The swarming interest of China in those considered Philippine waters or within territorial sovereignty, especially in the alleged exploration issue on Benham Rise (now, Philippine Rise), could be the best bet for the Philippines to play. Although China could have been known it already beforehand, that play would be a no-choice play for both countries to strengthen themselves in whatever aspects both have intended to get a leverage out of it.

What maritime heritage are we talking about for the Filipinos to be passed onto the next generation when generations and generations had already come and yet still the Philippine underwaters, believed to have been blessed with natural resources, remained unexplored and unused rather than being realized and profited for good?

What resources for the future generations are we thinking of over and over when we the present are yesterdays’ future generations? What specific generation are we waiting for when the possibility is high of having the future generation would be like the same generation of today?

The Philippines rather needs deeper cooperation with China instead of flexing legal muscles on territories under fire. She must rather change her course to strengthen first her alliances with her neighbors. China could be the Philippines’ Big Brother. She knows the Philippines more than America does. Sovereignty cannot save the Philippines economy nor can it ably arm the country when war arises. ▲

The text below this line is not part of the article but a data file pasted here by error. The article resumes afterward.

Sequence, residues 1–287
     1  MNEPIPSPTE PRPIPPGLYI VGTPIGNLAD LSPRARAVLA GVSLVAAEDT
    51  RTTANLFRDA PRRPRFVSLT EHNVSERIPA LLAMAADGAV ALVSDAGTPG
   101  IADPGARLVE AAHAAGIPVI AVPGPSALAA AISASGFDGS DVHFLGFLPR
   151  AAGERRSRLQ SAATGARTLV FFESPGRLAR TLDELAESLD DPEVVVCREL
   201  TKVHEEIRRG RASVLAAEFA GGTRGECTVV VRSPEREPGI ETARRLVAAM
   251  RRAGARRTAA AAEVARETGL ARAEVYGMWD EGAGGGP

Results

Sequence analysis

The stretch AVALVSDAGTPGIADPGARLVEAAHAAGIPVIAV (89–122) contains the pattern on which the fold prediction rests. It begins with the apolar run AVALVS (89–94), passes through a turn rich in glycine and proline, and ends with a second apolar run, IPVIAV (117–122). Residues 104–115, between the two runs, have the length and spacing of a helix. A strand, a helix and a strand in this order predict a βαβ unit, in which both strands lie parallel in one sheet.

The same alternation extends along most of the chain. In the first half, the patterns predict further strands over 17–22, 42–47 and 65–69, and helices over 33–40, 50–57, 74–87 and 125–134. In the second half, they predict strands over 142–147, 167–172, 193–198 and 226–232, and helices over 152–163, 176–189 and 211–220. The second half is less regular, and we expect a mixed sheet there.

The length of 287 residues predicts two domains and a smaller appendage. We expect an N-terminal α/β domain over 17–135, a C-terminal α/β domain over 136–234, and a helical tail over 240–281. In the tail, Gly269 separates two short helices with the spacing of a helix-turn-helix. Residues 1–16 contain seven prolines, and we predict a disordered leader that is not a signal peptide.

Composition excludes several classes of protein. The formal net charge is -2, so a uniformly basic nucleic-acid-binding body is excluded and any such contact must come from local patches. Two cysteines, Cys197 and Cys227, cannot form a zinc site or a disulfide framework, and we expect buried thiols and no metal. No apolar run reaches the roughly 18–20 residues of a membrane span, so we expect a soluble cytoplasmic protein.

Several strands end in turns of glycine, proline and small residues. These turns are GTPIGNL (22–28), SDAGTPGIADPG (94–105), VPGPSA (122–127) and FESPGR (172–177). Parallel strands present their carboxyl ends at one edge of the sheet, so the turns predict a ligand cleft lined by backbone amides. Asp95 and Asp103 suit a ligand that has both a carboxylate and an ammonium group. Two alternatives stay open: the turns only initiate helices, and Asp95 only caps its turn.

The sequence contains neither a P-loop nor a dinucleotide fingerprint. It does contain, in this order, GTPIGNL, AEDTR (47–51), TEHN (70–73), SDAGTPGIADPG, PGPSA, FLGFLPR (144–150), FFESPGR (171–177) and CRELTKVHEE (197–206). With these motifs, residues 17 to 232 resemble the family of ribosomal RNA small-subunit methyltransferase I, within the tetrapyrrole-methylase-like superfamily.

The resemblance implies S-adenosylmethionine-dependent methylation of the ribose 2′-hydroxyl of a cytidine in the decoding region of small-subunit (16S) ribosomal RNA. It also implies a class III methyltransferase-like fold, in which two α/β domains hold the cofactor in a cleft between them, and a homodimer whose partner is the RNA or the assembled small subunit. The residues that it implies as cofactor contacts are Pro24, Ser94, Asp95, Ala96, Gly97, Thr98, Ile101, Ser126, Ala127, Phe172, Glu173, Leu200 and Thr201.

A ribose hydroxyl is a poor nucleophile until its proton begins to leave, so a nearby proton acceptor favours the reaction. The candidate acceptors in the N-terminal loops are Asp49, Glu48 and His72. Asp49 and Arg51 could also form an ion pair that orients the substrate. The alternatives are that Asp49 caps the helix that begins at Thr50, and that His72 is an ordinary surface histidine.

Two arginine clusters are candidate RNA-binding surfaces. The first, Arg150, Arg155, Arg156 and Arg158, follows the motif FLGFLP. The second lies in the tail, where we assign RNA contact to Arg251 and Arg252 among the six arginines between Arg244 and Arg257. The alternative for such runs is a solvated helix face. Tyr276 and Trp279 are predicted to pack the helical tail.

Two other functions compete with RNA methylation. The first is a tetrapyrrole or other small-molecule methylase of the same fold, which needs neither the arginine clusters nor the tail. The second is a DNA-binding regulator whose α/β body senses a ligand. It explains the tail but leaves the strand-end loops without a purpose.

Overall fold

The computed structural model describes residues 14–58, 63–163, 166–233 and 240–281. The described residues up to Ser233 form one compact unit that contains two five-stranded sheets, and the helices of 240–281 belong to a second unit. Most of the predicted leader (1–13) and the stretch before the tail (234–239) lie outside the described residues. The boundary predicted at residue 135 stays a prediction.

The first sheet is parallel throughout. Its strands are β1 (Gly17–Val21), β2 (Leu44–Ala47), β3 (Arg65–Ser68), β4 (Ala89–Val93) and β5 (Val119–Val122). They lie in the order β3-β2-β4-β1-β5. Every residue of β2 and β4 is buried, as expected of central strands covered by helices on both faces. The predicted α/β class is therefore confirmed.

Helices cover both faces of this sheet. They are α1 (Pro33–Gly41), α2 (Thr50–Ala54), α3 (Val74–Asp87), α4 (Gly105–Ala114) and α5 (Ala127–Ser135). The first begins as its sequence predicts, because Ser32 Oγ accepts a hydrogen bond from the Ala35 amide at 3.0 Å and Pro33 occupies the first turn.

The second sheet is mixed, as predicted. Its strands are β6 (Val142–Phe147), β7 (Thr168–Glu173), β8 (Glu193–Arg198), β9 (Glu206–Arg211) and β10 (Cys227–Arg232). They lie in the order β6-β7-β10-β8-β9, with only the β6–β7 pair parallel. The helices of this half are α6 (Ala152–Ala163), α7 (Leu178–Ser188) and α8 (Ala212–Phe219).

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Former stringer for Allvoices and contributor for Yahoo. Had worked as an editor in publishing companies for years and so far has earned some units in MBA.
Aside | This entry was posted in COMMENTARIES & INSIGHTS and tagged , , , , . Bookmark the permalink.

One Response to On Scarborough Shoal and Benham Rise Issues: A Reevaluation of Status Quo the Philippines Should Take Into

  1. Pingback: China-Philippines Scarborough Shoal Dispute: Will There Be Another Falklands War in Asia? | MainbarOnline